Here's what I wrote in 2006. There is still a tonne of stuff I read *for the sole purpose* of being entertained. I don't think of it as shameful and, now that I'm older, I question the book:sheet music analogy she makes here. There is a special joy in letting some books just wash over you like a wave. Sheet music is terrible for that. Of course, we should engage with art, but sometimes we can just let it comfort and distract us.
Zadie Smith recently had this to say about reading on KCRW's show Bookworm. I should add that KCRW (which is like the CBC Radio of Los Angeles) is awesome and that any and all of their radio shows should be downloaded as podcasts of iTunes. Highly entertaining, good for long bus/car rides when you don't want to *just* listen to music. Anywho, I'm often guilty of the lazy reading she calls out here:
Smith: I think of reading as a skill and an art. And if you read badly –- I always think a good example -- I’ve been trying to write this essay on [David] Foster Wallace and when you first read Foster Wallace, or when critics read him, they give him back the thing that they think they see, which is some smart aleck with smart language, but [they have] no idea of what this --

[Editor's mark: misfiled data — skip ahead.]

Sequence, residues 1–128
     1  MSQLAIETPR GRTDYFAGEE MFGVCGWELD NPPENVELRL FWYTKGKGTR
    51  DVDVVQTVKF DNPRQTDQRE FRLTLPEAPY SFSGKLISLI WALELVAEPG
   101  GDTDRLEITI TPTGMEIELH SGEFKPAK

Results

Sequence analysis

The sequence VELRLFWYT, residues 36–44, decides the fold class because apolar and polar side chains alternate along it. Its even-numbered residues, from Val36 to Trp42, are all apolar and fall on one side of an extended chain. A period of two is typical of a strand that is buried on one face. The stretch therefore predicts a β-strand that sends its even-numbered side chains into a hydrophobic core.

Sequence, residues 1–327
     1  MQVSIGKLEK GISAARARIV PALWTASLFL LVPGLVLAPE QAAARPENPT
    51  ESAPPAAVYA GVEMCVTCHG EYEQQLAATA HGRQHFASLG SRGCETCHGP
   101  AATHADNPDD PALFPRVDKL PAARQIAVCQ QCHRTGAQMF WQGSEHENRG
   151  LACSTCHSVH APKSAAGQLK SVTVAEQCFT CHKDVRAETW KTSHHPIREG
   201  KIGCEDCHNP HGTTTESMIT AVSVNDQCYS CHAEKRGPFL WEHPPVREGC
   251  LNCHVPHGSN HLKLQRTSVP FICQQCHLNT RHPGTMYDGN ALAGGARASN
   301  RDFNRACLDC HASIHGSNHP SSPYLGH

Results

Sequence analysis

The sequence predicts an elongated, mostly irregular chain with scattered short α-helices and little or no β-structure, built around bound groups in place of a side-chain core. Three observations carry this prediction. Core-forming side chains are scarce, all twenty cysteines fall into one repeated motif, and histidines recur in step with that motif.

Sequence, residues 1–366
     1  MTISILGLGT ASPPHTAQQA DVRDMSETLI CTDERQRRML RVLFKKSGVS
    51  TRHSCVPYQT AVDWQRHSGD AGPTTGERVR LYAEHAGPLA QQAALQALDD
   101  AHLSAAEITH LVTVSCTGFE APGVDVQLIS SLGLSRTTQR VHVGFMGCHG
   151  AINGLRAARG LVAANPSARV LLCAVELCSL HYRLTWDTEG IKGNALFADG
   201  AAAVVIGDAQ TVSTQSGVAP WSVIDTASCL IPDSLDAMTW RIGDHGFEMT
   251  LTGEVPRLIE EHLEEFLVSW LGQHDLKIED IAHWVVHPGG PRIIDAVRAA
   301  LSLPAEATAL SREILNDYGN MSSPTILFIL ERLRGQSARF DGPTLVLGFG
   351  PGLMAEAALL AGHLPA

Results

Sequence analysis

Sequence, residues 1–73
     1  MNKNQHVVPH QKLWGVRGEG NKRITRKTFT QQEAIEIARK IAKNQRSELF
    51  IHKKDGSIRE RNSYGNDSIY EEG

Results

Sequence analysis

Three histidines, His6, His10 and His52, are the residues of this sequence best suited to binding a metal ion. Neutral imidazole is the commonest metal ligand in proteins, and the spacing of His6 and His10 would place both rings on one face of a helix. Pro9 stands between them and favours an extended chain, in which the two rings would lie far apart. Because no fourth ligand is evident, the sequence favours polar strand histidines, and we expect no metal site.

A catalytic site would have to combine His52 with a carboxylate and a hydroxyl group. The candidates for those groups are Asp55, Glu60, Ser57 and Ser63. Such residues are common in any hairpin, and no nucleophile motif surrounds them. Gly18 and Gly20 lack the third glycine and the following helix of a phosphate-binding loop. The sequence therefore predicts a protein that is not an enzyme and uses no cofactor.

Silverblatt: Yes, that he’s trying to determine what truth is. What can be said truly.
Smith: Exactly. An incredible ethicist and serious moral writer. But there’s a kind of superficial layer of him, which if you can’t be bothered to think any deeper, it just seems, 'Here’s some wise guy, with his wiseass stories.' And that’s not true. But the problem with readers, the idea we’ve been given of reading is that the model of a reader is the person watching a film, or watching television. So the greatest principle is, 'I should sit here and be entertained.' And the more classical model is the idea of a reader as an amateur musician. An amateur musician who sits at the piano, has a piece of music, which is the work, made by somebody they don’t know who they probably couldn’t comprehend entirely, and they have to use their skills to play this piece of music. The greater the skill, the greater the gift that you give the artist and the artist gives you. That’s an incredibly unfashionable idea of reading. And yet when you practice reading, and you work at a text, it can only give you what you put into it. It’s an old moral, but it’s completely true